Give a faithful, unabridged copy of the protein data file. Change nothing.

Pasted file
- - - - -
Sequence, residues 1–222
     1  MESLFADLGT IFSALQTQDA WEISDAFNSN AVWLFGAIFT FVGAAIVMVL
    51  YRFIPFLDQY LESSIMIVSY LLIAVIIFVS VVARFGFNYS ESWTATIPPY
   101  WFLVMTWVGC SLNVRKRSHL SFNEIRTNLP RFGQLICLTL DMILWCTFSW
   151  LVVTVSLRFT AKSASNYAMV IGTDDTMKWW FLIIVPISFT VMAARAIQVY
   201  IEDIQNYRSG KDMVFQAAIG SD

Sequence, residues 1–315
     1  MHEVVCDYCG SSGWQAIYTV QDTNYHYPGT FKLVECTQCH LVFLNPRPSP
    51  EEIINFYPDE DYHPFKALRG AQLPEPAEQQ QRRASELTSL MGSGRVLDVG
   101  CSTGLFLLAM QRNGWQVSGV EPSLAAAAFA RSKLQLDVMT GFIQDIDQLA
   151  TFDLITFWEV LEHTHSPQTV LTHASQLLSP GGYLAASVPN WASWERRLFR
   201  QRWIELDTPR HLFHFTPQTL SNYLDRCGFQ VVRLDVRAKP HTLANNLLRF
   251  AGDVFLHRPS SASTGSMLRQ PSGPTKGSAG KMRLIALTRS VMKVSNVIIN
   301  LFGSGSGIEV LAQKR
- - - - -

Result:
Sequence, residues 1–222
     1  MESLFADLGT IFSALQTQDA WEISDAFNSN AVWLFGAIFT FVGAAIVMVL
    51  YRFIPFLDQY LESSIMIVSY LLIAVIIFVS VVARFGFNYS ESWTATIPPY
   101  WFLVMTWVGC SLNVRKRSHL SFNEIRTNLP RFGQLICLTL DMILWCTFSW
   151  LVVTVSLRFT AKSASNYAMV IGTDDTMKWW FLIIVPISFT VMAARAIQVY
   201  IEDIQNYRSG KDMVFQAAIG SD

Sequence, residues 1–315
     1  MHEVVCDYCG SSGWQAIYTV QDTNYHYPGT FKLVECTQCH LVFLNPRPSP
    51  EEIINFYPDE DYHPFKALRG AQLPEPAEQQ QRRASELTSL MGSGRVLDVG
   101  CSTGLFLLAM QRNGWQVSGV EPSLAAAAFA RSKLQLDVMT GFIQDIDQLA
   151  TFDLITFWEV LEHTHSPQTV LTHASQLLSP GGYLAASVPN WASWERRLFR
   201  QRWIELDTPR HLFHFTPQTL SNYLDRCGFQ VVRLDVRAKP HTLANNLLRF
   251  AGDVFLHRPS SASTGSMLRQ PSGPTKGSAG KMRLIALTRS VMKVSNVIIN
   301  LFGSGSGIEV LAQKR